Human rights watchdog launches probe into adult social care decision complaints

The human rights watchdog has launched an inquiry into how older and disabled people can complain about decisions made regarding their social care.

The Equality and Human Rights Commission (EHRC) will examine how decisions made by local authorities about a person’s entitlement to social care can be meaningfully challenged in England and Wales.

It launched the probe after organisations supporting older and disabled people raised concerns that they face barriers to complaining about or challenging decisions regarding their care.

The inquiry will look at whether the existing ways to challenge decisions are accessible and effective, including whether those affected are given adequate advice and support, and can obtain redress.

It will also examine whether councils and other bodies learn from challenges, and whether there are effective systems to monitor the quality and consistency of decision-making.

To view this content, you'll need to update your privacy settings.
Please click here to do so.

The EHRC will gather evidence from social care recipients, organisations that provide advice and support, and local and national government.

It has launched a short survey to get views from social care users, their families and unpaid carers.

It will publish a report on its findings in 2022.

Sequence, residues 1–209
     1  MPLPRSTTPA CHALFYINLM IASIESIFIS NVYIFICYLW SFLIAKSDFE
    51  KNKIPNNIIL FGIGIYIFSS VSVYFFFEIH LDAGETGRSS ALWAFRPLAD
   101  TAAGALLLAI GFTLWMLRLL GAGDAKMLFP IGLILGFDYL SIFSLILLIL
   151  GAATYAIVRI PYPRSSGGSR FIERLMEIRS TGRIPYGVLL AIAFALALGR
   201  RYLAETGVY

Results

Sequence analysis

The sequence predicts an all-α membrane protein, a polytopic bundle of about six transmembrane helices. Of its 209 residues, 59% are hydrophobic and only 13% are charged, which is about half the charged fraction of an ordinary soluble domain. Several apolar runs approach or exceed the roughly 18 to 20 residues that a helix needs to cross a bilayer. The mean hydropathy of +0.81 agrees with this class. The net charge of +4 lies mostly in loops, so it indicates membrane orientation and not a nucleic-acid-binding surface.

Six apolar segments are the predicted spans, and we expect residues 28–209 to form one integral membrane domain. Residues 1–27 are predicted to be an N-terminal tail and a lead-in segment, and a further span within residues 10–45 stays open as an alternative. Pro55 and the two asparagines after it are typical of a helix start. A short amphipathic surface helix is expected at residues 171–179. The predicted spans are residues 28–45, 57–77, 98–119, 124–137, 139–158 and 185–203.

EHRC chairwoman Baroness Kishwer Falkner said: “Decisions about social care and support carry crucial equality and human rights implications for people’s lives.

“They can affect the choice, control and dignity of older people, disabled people and unpaid carers, and their ability to maintain relationships, live independently and participate in their communities.

“We know that the social care system has been under significant pressure and many problems have been exacerbated by the pandemic.

“With vital decisions about people’s care being made under such pressure, it is essential that there are effective ways to challenge them if people feel they have been left without the support they need.

“That is why we are using our legal powers to launch this inquiry, to help make sure that everyone can live a dignified life and that people can speak up if they feel a decision has left them without the right care.”